HTML and CSS Reference
Also, there exists the concept of an alternate style sheet . In some browsers (notably those
powered by the Gecko rendering engine, such as Mozilla, Firefox, and recent versions of
Netscape), these alternate visual presentations of your document will appear in a menu for
the visitor to select between. For example:
<link rel="stylesheet" type="text/css" href="styles.css" ➥
media="all" title="Default" />
<link rel="alternate stylesheet" type="text/css" ➥
href="low_vision_styles.css" media="all" title="Low vision" />
Here, we've defined references to two different style sheets. Because the second one has the
value alternate stylesheet for the rel attribute, it will not be used when the page is first pre-
sented but will be offered to the user as a choice (only in those browsers that support it, though).
Note the use of the title attribute to give each style sheet a name (which will appear in the
visitor's menu of choices). Alternate style sheets are not widely used, probably because of their
limited browser support.
It's important to note that any <link> tag with both a title attribute and a rel value of
stylesheet will be considered a preferred style sheet. Only one preferred style sheet will be
used when the page is initially loaded. Therefore, it's important that you don't assign multiple
<link> tags both a title attribute and a rel attribute value of stylesheet . <link> tags without
a title attribute are designated as persistent style sheets— which means they'll always be
used in the display of the document. More often than not, this is the behavior you'll want.
Because of this, you should only apply a title attribute to your <link> tags if you are referring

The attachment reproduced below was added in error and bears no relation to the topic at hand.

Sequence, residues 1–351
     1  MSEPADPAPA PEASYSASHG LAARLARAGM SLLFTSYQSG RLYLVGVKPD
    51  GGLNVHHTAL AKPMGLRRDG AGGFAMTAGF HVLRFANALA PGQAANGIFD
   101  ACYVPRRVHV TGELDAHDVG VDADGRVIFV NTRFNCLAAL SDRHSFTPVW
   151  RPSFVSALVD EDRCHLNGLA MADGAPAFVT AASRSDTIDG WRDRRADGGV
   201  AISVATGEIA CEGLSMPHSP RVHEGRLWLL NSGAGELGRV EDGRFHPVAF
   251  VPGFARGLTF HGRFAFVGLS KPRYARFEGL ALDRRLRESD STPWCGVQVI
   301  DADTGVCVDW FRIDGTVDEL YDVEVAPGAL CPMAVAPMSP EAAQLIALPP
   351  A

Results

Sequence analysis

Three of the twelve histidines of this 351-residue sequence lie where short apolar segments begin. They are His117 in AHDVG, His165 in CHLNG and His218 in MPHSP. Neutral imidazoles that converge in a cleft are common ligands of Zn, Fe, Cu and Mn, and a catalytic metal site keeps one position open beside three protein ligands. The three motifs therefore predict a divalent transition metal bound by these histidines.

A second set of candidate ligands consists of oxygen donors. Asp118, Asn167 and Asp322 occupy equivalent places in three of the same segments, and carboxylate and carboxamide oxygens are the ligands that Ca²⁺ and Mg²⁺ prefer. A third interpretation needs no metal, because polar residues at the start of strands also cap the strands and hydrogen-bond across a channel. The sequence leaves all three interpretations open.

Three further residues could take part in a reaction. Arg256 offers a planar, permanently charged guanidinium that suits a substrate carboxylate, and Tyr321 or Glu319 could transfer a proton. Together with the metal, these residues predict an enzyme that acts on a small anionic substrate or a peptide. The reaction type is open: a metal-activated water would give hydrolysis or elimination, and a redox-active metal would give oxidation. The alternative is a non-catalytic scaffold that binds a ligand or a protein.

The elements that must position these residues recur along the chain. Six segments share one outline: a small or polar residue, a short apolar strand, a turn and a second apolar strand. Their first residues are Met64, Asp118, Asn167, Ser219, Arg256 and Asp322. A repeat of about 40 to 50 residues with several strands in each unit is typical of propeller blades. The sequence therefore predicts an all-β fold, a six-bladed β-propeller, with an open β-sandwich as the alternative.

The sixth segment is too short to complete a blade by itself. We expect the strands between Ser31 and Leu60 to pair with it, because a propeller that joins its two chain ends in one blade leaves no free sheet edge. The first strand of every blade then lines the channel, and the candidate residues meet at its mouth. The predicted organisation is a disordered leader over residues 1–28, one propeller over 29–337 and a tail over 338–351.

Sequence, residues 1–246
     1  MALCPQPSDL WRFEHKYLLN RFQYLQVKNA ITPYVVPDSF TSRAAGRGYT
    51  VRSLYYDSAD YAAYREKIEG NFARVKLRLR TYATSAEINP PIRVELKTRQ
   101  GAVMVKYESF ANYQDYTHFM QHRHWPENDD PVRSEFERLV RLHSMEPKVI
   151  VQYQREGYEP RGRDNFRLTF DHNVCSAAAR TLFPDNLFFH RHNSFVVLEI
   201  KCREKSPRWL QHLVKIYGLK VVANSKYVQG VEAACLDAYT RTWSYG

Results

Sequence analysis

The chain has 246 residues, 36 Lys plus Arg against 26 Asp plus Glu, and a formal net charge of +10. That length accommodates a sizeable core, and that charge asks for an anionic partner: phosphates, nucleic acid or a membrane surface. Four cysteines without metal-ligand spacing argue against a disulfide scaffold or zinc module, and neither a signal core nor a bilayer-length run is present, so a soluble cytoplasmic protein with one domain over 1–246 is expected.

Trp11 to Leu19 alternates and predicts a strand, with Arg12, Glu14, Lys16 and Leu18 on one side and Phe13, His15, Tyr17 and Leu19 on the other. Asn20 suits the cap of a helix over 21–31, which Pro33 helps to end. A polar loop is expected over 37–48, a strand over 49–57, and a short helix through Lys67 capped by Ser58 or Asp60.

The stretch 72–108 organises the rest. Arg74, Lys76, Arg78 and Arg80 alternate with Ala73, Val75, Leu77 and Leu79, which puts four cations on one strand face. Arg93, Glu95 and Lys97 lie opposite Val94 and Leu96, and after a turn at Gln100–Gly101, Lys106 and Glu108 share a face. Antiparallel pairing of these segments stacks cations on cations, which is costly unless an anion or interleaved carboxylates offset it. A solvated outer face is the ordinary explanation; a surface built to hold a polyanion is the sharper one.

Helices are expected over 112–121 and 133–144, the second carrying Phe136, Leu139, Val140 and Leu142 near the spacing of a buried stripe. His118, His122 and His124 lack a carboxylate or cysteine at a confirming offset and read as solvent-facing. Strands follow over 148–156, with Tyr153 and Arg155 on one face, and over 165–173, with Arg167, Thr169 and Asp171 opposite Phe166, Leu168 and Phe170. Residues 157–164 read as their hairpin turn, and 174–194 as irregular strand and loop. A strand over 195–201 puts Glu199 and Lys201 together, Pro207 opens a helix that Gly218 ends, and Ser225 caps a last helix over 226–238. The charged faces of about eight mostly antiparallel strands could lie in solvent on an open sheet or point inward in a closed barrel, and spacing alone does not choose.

to an alternate style sheet.
The style Element
The style element is an (X)HTML element that allows you to embed CSS style information
directly in the page you're working on, rather than abstracting it out to an external style sheet.
Although this may sound like a convenience at first, it's almost always a hindrance in the real
world. One of the major benefits of CSS is the ability to have all of your style information in
a single external style sheet that many pages refer to. That way, when you want to change
something, you only have to change it one time. In the case of embedded style sheets created
with the style element, the style information applies only to the (X)HTML document you're
working with. It's possible this behavior is what you want, but more often than not it's benefi-
cial to have the style information abstracted.
If you do want to embed a style sheet, use code like this in the head element of your
<style type="text/css" media="screen, print ">
The practical applications of embedded style sheets are few. If you are making a simple,
one-page site, it may be more convenient to keep your style information embedded in your
(X)HTML document. You may also have one page within a larger site that needs additional or
overriding styles along with the styles applied to the rest of the site. In this case, you can get by
with an embedded style sheet, but it still may be a best practice to abstract the styles into their
own file. You never know when you may need to add another page utilizing those styles, or